Posted on July 19, 2018

This University Is Removing a Statue of Its Slave-Owning Founder

Maya Eliahou and Christina Zdanowicz, CNN, July 2018


A prominent statue of one of the school’s slave-owning founders will be relocated from the school’s front gates, FSU President John Thrasher announced Tuesday.

In addition to the statue’s relocation, Thrasher approved seeking the removal of a pro-segregation Florida Supreme Court justice’s name from the campus’ law school building. {snip}


Relocating the statue

Thrasher’s decisions were informed by recommendations from an advisory panel of students, faculty and others that he convened to review campus building names as well as other memorials.

Following years of protests by students, the panel recommended that the statue of Francis Eppes VII, a grandson of Thomas Jefferson, founder of FSU and former mayor of Tallahassee, be removed from its location at the school’s entrance.

Due to his slave-holding past and his previously overstated role in founding FSU, Thrasher decided to accept the panel’s recommendation to relocate the statue, commissioned in 2002.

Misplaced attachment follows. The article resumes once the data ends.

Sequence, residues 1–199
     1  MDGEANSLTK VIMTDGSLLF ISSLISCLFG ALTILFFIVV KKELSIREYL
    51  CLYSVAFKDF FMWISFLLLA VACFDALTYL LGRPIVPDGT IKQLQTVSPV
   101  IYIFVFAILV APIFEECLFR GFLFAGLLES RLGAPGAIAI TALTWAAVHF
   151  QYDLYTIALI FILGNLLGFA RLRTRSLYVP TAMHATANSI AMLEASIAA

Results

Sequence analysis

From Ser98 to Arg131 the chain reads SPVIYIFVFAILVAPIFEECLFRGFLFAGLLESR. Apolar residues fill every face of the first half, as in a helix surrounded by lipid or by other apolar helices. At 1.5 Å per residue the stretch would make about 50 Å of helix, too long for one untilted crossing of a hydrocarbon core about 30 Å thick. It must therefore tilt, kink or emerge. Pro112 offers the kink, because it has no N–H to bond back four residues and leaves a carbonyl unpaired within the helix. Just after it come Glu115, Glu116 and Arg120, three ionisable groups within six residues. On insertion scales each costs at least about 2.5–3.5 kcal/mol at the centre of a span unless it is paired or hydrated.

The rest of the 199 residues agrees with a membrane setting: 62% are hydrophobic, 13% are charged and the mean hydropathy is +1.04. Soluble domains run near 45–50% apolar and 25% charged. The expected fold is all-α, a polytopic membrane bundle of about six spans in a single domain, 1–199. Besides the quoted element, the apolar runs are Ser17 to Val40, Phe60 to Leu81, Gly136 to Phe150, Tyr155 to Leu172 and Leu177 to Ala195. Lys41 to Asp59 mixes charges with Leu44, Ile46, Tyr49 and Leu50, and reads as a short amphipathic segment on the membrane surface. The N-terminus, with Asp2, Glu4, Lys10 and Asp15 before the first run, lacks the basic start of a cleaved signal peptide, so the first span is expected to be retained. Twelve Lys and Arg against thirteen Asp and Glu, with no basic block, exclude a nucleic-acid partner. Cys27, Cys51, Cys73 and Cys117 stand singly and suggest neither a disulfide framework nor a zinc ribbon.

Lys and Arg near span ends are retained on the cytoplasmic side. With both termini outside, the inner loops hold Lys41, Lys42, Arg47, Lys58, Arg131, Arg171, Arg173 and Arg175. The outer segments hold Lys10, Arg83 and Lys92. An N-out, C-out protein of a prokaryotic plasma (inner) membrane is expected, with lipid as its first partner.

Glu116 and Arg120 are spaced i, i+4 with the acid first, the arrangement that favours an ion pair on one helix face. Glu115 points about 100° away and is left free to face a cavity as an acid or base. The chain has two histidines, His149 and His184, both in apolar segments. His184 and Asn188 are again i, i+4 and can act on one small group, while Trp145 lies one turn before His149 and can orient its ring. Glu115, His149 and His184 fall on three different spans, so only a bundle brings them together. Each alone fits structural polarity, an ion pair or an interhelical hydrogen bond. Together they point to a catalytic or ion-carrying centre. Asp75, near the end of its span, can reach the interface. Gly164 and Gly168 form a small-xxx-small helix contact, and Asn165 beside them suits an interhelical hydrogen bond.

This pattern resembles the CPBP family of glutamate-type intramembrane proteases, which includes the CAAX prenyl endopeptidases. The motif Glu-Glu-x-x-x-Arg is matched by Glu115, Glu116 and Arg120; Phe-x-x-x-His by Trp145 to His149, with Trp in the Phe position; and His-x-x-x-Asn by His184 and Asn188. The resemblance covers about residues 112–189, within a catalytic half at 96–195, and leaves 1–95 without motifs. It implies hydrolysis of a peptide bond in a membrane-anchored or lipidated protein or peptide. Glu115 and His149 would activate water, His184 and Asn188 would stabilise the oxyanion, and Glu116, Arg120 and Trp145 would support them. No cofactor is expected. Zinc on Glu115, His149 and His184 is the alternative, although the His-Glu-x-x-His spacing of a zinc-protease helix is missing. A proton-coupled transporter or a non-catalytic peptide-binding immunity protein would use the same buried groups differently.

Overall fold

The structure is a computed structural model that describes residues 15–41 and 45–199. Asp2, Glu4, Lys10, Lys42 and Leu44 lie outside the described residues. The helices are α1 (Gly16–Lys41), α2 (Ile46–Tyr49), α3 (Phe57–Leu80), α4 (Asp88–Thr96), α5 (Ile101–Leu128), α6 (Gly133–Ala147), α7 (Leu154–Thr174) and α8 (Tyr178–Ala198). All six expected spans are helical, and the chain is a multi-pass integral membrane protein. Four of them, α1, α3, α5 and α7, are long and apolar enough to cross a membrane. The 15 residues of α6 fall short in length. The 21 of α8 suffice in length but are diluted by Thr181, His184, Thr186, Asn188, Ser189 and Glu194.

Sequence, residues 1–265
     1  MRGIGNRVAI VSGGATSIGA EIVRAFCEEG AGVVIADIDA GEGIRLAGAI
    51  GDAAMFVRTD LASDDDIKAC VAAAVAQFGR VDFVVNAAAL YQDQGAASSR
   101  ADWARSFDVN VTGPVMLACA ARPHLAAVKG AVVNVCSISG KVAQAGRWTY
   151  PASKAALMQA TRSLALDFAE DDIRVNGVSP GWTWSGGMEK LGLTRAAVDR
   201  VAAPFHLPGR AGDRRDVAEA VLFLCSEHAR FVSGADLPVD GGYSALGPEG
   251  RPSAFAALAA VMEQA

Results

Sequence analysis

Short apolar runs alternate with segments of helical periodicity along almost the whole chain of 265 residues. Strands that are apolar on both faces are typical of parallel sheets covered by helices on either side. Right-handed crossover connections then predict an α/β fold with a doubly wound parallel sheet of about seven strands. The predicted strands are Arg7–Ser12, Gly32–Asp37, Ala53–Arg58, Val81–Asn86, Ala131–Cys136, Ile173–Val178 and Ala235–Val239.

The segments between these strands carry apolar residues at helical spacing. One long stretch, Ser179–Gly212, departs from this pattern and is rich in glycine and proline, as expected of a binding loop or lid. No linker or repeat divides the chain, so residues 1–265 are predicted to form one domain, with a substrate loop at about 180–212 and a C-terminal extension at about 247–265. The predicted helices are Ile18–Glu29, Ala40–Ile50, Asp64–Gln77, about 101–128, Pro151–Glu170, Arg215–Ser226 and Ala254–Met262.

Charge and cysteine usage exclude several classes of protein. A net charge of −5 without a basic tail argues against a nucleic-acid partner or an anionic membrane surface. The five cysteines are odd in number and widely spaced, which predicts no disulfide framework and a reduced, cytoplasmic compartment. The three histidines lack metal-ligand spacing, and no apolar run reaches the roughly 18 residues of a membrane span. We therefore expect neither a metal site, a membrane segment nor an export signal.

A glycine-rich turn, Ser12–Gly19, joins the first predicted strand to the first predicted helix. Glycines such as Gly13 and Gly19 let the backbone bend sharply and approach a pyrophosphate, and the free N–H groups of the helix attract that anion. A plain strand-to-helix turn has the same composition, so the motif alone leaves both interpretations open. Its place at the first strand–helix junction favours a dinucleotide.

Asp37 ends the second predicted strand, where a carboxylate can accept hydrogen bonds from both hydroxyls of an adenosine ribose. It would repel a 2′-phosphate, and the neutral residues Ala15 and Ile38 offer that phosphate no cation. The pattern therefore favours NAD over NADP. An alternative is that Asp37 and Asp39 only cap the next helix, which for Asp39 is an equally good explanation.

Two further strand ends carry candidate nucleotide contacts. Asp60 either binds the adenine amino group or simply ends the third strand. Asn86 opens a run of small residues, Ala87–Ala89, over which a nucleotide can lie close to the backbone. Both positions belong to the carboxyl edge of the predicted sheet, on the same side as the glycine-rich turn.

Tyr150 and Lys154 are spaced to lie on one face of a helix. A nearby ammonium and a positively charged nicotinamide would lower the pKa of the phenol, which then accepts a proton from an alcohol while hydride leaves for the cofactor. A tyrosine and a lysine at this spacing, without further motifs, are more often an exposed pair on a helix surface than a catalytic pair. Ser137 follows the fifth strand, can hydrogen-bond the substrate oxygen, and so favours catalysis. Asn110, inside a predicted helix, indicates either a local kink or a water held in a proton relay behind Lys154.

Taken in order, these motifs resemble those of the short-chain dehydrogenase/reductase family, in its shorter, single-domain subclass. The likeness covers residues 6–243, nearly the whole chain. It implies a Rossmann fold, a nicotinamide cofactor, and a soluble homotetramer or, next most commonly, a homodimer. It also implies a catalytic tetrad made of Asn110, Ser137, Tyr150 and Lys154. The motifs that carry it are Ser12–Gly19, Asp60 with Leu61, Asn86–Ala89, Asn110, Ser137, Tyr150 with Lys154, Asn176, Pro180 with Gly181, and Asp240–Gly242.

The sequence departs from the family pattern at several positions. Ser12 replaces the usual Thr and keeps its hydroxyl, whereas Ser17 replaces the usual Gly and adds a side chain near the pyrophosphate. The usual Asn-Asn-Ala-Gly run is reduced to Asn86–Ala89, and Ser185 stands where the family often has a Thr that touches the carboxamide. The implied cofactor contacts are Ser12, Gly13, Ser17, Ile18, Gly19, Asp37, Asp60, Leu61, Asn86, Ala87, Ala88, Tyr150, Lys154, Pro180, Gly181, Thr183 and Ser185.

Thrasher said that wherever it is moved, the statue will be accompanied by a plaque that will mention Eppes’ history of slave ownership as well as celebrate his contributions to FSU.

Although Eppes’ statue will be moved, Thrasher did not accept the panel’s recommendation to remove his name from the school’s College of Criminology and Criminal Justice building. Thrasher said his decision was based on Eppes’ “significant contributions” to FSU, and wrote that Eppes Hall will soon include a marker with biographical information about Eppes that includes his slave ownership.

Thrasher also agreed to accept the panel’s recommendation to seek legislative action to legally remove the name of B.K. Roberts, a founder of the university’s law school and former Florida Supreme Court justice, from the FSU College of Law Building

While a member of the Florida Supreme Court in the 1950s, Roberts wrote pro-segregation opinions, including a decision that refused to obey a US Supreme Court ruling and denied a black man enrollment in the University of Florida’s College of Law. {snip}


Roberts should be celebrated in an “appropriate space and manner” elsewhere within the law school, Thrasher added.

The campus community speaks out


The College Republicans of FSU issued a statement that said by choosing to remove Eppes’ statue, Thrasher is deciding to “cave to the whims of the loud minority.”

“Removing his statue does not erase his shortcomings,” the statement said. “Rather, it simply ignores his generosity to our University and to our state.”

Other student groups believe Thrasher didn’t go far enough. {snip}